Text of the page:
Military Service Records, medals, awards, and decorations are an important part of a veteran’s service record, and are often cherished by veterans and family members. But service records are also essential to prove military service or for establishing eligibility for certain veterans benefits programs. The most frequently requested document form the National Archives is the DD Form 214, proof of military service. This is one of the most valuable documents you will ever own, as it opens the door to a variety of benefits, such as the GI Bill, VA Loan, and possibly health care and other benefits. If you lose your DD Form 214, you should replace it immediately, since it can take some time to get a replacement.
This article will show veterans, their family members, and the general public how to request a copy of military service records, including DD Form 214, medical records, or other service records you may wish to obtain a copy of. Please click the following link if you are seeking information on replacing lost medals, awards or decorations.
Who Can Request Military Records?
The government does not release full military service information to everyone who requests it. If the service member is still alive, he or she is the only person who can request the full service records, unless the veteran has given written permission to another individual, or the records are needed as part of a court order.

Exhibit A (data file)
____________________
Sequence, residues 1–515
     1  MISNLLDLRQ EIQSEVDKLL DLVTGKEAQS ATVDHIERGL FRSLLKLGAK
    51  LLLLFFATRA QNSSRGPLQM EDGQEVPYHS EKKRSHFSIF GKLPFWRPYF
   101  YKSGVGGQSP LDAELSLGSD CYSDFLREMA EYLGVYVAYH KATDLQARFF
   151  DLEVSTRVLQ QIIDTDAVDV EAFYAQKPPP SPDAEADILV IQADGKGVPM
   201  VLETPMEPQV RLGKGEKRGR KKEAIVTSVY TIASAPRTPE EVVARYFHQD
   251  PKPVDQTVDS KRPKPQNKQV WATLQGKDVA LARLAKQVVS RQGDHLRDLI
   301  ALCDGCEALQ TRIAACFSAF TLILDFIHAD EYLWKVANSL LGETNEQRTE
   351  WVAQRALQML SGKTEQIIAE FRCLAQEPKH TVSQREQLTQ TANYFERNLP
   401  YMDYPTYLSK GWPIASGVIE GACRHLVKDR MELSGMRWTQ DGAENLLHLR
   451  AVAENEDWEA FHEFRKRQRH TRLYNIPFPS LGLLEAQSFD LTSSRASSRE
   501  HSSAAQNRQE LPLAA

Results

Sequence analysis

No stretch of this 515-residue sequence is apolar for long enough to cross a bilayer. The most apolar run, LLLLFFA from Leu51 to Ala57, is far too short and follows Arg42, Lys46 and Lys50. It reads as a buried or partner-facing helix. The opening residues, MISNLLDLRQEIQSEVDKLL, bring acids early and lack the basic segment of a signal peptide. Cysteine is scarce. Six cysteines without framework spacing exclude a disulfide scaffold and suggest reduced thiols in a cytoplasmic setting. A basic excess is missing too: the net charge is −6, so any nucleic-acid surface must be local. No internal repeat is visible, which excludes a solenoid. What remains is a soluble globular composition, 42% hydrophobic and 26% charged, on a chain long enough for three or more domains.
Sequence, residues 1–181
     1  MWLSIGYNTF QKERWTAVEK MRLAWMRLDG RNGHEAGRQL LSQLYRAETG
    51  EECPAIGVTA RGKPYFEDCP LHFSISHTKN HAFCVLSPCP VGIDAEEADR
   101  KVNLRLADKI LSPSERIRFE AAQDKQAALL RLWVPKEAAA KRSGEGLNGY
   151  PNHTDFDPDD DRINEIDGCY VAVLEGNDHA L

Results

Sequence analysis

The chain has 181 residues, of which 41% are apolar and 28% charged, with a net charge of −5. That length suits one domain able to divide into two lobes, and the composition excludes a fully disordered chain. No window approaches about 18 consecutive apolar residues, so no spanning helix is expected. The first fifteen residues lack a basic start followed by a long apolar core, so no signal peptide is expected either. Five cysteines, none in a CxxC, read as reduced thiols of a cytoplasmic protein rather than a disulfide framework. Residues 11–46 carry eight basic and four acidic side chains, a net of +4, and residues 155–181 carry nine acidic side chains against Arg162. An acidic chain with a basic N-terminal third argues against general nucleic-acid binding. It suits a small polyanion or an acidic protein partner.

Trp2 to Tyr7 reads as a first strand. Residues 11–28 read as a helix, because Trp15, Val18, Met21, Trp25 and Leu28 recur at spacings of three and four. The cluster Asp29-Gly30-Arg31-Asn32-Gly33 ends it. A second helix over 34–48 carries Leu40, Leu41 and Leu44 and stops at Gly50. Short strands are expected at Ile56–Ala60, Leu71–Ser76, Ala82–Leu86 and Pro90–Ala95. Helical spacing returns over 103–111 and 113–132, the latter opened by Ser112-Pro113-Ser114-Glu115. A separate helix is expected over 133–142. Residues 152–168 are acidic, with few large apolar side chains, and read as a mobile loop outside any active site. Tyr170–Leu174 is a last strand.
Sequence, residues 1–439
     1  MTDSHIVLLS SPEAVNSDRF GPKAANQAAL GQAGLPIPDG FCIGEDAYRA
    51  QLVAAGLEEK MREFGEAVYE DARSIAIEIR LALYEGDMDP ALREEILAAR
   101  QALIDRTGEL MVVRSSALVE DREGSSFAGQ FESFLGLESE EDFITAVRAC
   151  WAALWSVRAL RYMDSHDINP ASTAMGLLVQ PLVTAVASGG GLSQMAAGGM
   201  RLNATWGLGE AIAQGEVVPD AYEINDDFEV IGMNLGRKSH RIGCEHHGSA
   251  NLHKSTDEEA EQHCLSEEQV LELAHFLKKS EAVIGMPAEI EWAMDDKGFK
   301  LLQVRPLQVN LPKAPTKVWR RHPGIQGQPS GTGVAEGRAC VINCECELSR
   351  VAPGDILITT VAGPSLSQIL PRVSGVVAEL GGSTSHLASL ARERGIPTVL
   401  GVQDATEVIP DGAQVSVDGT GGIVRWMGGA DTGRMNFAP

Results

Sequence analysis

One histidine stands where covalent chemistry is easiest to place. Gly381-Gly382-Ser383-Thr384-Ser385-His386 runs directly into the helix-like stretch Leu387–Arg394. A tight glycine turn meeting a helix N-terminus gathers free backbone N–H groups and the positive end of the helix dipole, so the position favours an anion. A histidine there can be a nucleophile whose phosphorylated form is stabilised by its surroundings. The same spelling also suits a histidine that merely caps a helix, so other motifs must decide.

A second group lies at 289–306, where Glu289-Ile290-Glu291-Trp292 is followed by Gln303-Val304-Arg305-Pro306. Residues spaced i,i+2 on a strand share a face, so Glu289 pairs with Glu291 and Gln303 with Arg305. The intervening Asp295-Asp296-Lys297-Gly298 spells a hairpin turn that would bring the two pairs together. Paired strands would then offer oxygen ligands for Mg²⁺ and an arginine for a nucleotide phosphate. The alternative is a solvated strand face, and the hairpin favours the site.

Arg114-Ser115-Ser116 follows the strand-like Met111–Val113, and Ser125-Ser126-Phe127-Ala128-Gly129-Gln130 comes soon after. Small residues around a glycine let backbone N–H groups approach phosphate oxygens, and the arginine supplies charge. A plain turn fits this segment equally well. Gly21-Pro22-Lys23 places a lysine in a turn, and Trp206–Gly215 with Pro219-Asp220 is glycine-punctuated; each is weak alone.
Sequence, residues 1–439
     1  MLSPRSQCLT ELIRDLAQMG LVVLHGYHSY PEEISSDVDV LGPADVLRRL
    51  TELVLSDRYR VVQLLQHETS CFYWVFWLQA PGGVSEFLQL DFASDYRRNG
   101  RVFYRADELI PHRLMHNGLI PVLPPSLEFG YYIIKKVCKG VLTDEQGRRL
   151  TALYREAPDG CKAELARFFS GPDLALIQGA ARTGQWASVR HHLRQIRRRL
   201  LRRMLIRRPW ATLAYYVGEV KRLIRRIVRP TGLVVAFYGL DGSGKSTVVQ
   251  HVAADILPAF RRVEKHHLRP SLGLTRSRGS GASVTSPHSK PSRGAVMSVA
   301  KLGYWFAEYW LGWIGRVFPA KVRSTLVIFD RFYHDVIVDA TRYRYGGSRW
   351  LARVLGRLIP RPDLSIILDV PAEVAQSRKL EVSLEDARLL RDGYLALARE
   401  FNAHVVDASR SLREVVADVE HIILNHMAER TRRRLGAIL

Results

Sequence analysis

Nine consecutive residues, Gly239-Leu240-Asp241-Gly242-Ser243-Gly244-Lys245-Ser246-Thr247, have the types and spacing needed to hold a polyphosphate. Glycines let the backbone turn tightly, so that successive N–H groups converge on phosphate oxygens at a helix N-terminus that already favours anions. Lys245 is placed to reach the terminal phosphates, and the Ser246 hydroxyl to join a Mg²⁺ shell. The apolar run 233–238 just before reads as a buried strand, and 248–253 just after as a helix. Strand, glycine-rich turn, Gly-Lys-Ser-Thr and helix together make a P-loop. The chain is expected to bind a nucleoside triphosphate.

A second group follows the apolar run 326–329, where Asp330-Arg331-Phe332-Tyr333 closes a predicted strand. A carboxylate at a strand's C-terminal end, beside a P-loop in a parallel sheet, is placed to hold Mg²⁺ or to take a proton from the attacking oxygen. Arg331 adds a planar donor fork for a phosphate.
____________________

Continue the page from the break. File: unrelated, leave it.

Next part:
If the veteran is deceased, the full military service records may be requested by Next-of-Kin (NOK). If you are not the veteran or NOK (as defined below), then you are considered to be part of the general public. Members of the general public may request limited service records through the Freedom of Information Act (FOIA).
In some cases, full military records are released for Persons of Exceptional Prominence. These are usually veterans who are in the public eye due to their military or post-military careers. Almost anyone can request military records for these veterans (more information on this below).
Next of Kin Military Records Requests
Let’s take a look at who the government considers to be Next-of-Kin, and who the government considers to be the general public (remember, these limitations are in place to protect your privacy).
According to the National Personnel Records Center (NPRC), Next-of-Kin includes:
- For the Air Force, Navy, Marine Corps & Coast Guard, the NOK is defined as: the un-remarried widow or widower, son, daughter, father, mother, brother or sister.
- For the Army, the NOK is defined as: the surviving spouse, eldest child, father or mother, eldest sibling or eldest grandchild.
- If you do not meet the definition of NOK, you are considered a member of the general public.
How to Replace Lost Military Service Records
Because the National Archives houses service records for millions of military veterans, you will need to provide them with some information to help locate your service records. If you are the veteran, most of this information shouldn’t be too difficult to come up with. It’s also important to note that the National Archives processes over 1.4 million records requests annually, so to streamline the process, they generally only provide veterans and family members with a copy of the separation documents or DD Form 214, which are required for most veterans benefits. If you need additional military service records or your medical records, you must specify this when you make your records request.